(Bloomberg) -- Siemens Energy AG declined after the head of its troubled wind-turbine unit said he couldn’t rule out further potential equipment defects even though the company’s internal review was complete.
“Everything we know of is analyzed,” Gamesa’s Chief Executive Officer Jochen Eickholt said Tuesday in Hamburg during Siemens Energy’s investor day. “Until today we have a limited number of failures. But keep in mind that these are probabilistic assumptions over time. It is not so that I can say I know everything now.”
Eickholt’s comments came as Siemens Energy tried to assuage investors with a more confident message that it was gaining control over the disastrous losses stemming from problems at Gamesa. The Spanish unit plans to cut €400 million ($438 million) in costs by 2026, when Siemens Energy expects it will break even.
Siemens Energy shares fell nearly 12% after Eickholt’s comments. The stock is down roughly 37% this year after hitting lows earlier this month following reports that the government was intervening to help shore up the company’s balance sheet.
Siemens Energy Chief Executive Officer Christian Bruch earlier Tuesday reiterated the core message from the company’s earnings report last week, saying the profitable gas-turbine and power-grid businesses were on track to hit mid-term targets. By 2026, Siemens Energy sees margins of as much as 12% for its gas business and 11% for grid technologies.
But concerns remain that the company will need to raise more capital going forward to compensate for the staggering losses at Gamesa. In question are roughly 2,900 installed onshore turbines of its older 4.X and current generation 5.X platforms that could have flaws.
Gamesa plans to ramp up its offshore production while it fixes the onshore problems. While the company isn’t planning any plant closures currently, it does plan to take efficiency measures at some factories.
The company has had to halt production and sales of the 5.X platform and it’s not yet clear when they’ll resume. Despite it all, Siemens Energy plans to stick it out alongside government assurances wind is a key part of the climate transition.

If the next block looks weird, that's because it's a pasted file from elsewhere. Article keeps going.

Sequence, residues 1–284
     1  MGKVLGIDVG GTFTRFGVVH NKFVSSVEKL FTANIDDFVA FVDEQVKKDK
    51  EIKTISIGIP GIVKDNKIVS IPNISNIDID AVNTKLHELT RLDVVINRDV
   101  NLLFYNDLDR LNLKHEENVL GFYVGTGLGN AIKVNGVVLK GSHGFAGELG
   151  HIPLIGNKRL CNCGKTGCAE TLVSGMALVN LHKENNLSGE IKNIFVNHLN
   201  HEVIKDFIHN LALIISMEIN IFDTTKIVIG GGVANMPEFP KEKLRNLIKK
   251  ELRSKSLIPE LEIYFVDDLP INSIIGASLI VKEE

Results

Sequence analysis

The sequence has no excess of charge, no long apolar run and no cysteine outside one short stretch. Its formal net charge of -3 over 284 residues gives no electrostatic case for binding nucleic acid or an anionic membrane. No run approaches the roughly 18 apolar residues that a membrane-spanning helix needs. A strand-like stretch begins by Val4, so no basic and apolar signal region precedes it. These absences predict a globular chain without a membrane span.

Next steps will be rolling out corrective and containment measures to repair the onshore product that is set to go on for a couple of years, costing €1.6 billion, and figuring out which markets to focus on to become profitable.
Despite wind’s central role in the energy transition, turbine makers are fighting for survival after soaring raw-materials costs and higher borrowing costs result in project failures and multi-billion dollar writedowns.
There are signs some of the pressure in wind is coming off. Vestas Wind Systems A/S this month announced a big increase in orders and lifted its outlook. At the same time, the reality that getting projects off the ground will cost more and needs more support appears to be getting through with governments in Europe reacting.
At Siemens Energy, things will stay bleak for a while. The company last week warned the problems at Gamesa will lead to another operating loss this fiscal year, despite profit in its other business lines.
It plans some more divestments to reach a total of €3 billion in proceeds, with roughly €2.6 billion already accounted for by the sale of a stake in an Indian joint venture and a high-voltage components unit.
(Updates with Gamesa plans beginning in first paragraph.)
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